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Am J Gastroenterol. 1997 Oct;92(10):1805-11.

Risk of persistent or recurrent and intractable upper gastrointestinal bleeding in the era of therapeutic endoscopy.

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  • 1Department of Medicine, University of California, San Francisco, USA.

Abstract

OBJECTIVES:

Patients who present to the emergency department with upper gastrointestinal bleeding can have persistent or recurrent (further) bleeding or self-limited bleeding. We performed a study to determine the frequency, risks factors, and impact on outcome of further bleeding.

METHODS:

Clinical predictors of further bleeding were retrospectively identified in 137 consecutive patients presenting to our institution with upper gastrointestinal bleeding in 1994-1995.

RESULTS:

Persistent or recurrent bleeding occurred in 30.7% of the cases, bleeding intractable to endoscopic therapy occurred in 15.3%. Hematemesis (odds ratio [OR] 5.7; 95% confidence interval [CI], 2.4-13.1, p = 0.0001) and a initial hemoglobin (OR, 0.8; 95% CI, 0.7-0.96; p = 0.01) were independent risk factors for persistent or recurrent bleeding, whereas liver disease (OR, 6.0; 95% CI, 2.0-18.4; p = 0.002) and hematemesis were independent risk factors for intractable bleeding. The mortality rate was 14.3 and 1%, respectively, in patients with and without further bleeding. In patients who did not present with hematemesis, liver disease, coagulopathy, hypotension, and initial hemoglobin < 11 g/dl, the frequency of further bleeding and mortality was 0%.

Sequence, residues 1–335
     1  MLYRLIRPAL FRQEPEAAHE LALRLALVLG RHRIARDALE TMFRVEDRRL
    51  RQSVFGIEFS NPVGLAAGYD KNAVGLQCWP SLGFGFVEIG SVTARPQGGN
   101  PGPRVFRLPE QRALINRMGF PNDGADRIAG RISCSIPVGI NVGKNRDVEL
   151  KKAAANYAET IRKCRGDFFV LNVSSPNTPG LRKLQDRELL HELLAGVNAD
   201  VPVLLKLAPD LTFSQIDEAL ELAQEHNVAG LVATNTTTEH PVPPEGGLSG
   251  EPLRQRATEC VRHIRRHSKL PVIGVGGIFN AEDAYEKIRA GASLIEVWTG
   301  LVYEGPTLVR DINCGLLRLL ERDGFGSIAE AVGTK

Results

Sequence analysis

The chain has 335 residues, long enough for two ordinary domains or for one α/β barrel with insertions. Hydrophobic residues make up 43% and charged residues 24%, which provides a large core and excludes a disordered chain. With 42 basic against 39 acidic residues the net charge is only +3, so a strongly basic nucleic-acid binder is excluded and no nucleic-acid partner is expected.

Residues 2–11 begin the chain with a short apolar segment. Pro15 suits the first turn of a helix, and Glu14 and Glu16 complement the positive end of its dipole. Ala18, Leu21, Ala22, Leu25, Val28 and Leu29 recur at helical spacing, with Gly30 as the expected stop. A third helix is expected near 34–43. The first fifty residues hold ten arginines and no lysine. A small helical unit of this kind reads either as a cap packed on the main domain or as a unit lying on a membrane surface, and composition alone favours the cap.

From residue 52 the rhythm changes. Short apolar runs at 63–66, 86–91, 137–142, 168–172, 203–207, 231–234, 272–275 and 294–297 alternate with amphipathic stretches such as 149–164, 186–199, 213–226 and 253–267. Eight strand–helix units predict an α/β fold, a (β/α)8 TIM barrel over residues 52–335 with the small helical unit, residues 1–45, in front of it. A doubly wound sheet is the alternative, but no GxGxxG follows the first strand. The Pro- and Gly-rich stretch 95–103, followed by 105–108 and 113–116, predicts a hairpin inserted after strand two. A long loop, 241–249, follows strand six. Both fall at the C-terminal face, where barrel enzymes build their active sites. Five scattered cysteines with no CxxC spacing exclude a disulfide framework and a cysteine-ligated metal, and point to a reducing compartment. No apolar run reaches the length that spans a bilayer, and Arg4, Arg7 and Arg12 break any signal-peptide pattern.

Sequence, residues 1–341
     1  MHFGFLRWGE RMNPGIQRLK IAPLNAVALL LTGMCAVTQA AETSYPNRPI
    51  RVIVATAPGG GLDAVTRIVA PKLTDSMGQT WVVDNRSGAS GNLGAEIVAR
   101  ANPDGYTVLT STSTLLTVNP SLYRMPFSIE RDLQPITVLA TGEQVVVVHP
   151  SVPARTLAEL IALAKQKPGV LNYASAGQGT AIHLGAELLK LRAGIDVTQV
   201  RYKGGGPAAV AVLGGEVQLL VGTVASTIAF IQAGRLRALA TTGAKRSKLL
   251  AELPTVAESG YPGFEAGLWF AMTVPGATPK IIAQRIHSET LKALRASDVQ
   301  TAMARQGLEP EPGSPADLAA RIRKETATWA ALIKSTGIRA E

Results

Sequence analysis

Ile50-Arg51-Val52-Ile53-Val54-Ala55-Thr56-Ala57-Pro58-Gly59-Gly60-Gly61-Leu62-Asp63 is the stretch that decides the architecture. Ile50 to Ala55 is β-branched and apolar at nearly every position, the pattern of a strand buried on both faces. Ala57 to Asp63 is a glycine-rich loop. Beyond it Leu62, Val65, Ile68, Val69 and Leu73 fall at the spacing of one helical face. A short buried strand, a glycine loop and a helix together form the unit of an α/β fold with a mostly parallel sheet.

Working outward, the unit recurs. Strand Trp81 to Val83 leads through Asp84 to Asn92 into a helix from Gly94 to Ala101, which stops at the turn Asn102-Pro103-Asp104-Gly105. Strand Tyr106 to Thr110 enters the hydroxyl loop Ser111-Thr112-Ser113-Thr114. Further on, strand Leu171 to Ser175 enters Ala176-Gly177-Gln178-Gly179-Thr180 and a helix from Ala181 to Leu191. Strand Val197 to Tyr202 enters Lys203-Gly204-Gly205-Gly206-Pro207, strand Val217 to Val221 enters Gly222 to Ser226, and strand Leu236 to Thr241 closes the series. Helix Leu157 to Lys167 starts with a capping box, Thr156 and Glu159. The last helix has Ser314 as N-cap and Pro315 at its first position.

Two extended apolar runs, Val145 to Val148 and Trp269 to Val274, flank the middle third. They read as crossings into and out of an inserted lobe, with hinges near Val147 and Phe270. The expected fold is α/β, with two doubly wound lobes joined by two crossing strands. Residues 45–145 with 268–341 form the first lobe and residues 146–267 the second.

CONCLUSIONS:

Persistent, recurrent, and intractable bleeding occurs in a substantial proportion of patients admitted with upper gastrointestinal bleeding. The risk of further bleeding can be estimated on the basis of clinical presentation. Further bleeding is associated with a worse outcome.

PMID:
9382041
[PubMed - indexed for MEDLINE]
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